At the close of each year for the past several years, the blog TheMillions has published the lists of books read by a wide variety of people whom they invite to share their year's readings. In that spirit, here are the books I read this year (and I don't pretend that these are by any means high-brow but, for the most part, they are good entertainment).
It is difficult to place one book over another as best or worst (or lesser best); however, I especially enjoyed the Le Carre, Furst, Winslow and Mankell books this year. For LeCarre, the book was very much a return to form even though I was appalled by the ending even though I should have seen it coming. Appalling was what he was after, I think. Alan Furst (with Pellecanos and Kerr) is an author whose new work I look forward to reading each year and this book was no different from its excellent predecessors. Don Winslow has written a sequel to the early 1980s book Shibumi and he gets it almost note perfect. And lastly, the Mankell title which I had purchased for MrsPND (who also liked it) had quite a gory start but the story was entertaining. Having said that, the Swedes are a little wordy. Must be the long winters.
The biggest surprise was the current book, which I aim to finish by year end: The Decline & Fall of the British Empire. There's no sugar coating the history here and Brendon takes the lid off the ineptitude, callousness and brutality of the British empire. Not revisionist history but perhaps more realistic. I don't get given a lot of books (this was true even when I ran Bowker), but on a visit to the publisher Public Affairs a few years ago I had the run of their stock room and picked up Diamonds, Gold, and War about South Africa, which was an excellent early 20th century history of the country. I was less impressed with Meacham's Jackson book and didn't find it particularly deep or insightful. It was hugely successful so perhaps that's just me.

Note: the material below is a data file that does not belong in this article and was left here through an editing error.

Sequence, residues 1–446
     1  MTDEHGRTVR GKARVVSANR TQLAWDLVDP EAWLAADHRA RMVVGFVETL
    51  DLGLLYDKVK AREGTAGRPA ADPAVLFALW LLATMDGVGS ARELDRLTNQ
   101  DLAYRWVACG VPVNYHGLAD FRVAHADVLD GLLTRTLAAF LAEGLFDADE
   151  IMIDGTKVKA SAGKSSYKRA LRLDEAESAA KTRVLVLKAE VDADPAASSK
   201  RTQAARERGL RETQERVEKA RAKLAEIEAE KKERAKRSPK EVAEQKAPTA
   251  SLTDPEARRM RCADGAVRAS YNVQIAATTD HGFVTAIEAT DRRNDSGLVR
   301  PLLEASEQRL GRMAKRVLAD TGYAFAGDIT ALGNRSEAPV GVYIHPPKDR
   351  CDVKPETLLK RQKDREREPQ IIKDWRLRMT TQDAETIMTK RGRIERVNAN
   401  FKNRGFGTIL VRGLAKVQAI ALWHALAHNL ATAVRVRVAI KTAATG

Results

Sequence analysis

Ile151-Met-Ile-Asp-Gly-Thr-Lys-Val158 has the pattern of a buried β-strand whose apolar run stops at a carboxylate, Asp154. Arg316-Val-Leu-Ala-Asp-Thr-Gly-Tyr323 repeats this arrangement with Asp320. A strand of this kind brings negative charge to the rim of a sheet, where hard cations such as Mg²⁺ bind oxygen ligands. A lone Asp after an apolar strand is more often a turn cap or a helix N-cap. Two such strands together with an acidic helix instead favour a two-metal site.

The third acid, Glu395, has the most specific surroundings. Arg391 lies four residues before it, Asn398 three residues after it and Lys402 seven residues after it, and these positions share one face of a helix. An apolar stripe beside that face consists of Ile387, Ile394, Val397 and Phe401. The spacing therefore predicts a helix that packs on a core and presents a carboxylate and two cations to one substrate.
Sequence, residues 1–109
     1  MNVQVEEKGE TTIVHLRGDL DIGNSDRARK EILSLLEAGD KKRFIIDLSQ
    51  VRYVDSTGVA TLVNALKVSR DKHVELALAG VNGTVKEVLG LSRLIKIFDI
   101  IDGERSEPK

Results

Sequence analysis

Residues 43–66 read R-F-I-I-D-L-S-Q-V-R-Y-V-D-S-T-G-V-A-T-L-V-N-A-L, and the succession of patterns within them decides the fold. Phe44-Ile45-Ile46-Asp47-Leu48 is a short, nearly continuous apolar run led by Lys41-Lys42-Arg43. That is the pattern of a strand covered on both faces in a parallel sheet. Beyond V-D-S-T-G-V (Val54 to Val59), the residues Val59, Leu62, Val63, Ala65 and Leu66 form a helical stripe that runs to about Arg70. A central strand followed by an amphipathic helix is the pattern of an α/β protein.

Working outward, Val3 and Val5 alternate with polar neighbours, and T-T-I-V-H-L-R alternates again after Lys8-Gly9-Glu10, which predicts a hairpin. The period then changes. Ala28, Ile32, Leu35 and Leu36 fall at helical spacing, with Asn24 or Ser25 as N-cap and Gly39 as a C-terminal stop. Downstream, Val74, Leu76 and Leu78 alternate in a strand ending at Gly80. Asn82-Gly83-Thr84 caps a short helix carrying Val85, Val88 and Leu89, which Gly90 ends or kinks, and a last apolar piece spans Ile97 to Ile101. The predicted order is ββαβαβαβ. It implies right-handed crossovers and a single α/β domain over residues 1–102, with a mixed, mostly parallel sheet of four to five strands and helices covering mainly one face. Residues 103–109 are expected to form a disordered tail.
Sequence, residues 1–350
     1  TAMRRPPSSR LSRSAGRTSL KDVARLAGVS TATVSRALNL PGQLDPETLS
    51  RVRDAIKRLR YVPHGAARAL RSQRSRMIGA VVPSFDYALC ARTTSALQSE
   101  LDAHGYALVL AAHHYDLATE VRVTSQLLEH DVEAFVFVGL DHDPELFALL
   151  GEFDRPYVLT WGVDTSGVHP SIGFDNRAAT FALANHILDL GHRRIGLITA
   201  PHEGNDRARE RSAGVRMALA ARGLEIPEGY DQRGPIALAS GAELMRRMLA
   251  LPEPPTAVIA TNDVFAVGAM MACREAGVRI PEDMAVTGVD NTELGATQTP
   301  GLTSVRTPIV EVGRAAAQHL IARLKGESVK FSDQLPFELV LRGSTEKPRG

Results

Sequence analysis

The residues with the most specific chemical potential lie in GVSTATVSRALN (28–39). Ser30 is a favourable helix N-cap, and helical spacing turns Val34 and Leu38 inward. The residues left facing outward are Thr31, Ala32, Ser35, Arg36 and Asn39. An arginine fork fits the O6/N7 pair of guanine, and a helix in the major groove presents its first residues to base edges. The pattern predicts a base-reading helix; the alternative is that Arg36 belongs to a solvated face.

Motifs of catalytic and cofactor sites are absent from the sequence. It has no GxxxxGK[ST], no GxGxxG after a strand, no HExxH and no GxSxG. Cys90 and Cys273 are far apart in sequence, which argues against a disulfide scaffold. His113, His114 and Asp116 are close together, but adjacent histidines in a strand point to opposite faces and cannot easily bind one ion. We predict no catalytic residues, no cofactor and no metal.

Lastly, the book I most enjoyed this year was Portnoy's Complaint which I thought I had read but hadn't. In October, on a visit to the family manse, I picked it off the shelf and read it almost straight through in a sitting. There aren't too many books that make me laugh out loud but this was one of them.
The number of books read in 2010 was consistent with the past four or five years - which I know because I keep track of them in librarything.com. Already on my to-read shelf (in hardcover) I have 17 titles plus the half of Ulysses that I haven't read. Happy reading.
The Decline and Fall of the British Empire, 1781-1997, Piers Brendon
Too Close to Home: A Thriller, Linwood Barclay
The Collaborator, Gerald Seymour
Ogilvy on Advertising, David Ogilvy
Our Kind of Traitor: A Novel, John le Carre
Portnoy's complaint, Philip Roth
The Man from Beijing, Henning Mankell
Moonlight Mile (Patrick Kenzie and Angela Gennaro), Dennis Lehane
Spies of the Balkans: A Novel, Alan Furst
Ultimatum, Matthew Glass
The Midnight House, Alex Berenson
Diamonds, Gold, and War: The British, the Boers, and the Making of South Africa, Martin Meredith
Lustrum: A Novel, Robert Harris
Ulysses, James Joyce (I am still working on this one).
The Ghost War, Alex Berenson
The Girl Who Kicked the Hornet's Nest, Stieg Larsson
Rogue Island, Bruce DeSilva
Satori, Don Winslow
Wicked City, Ace Atkins
If the Dead Rise Not (Bernie Gunther), Philip Kerr,
The Godfather of Kathmandu, John Burdett
American Lion: Andrew Jackson in the White House, Jon Meacham
John, Cynthia Lennon
Homer & Langley: A Novel, E.L. Doctorow
The Dead of Winter, Rennie Airth
The Way Home, George Pelecanos
The Given Day: A Novel, Dennis Lehane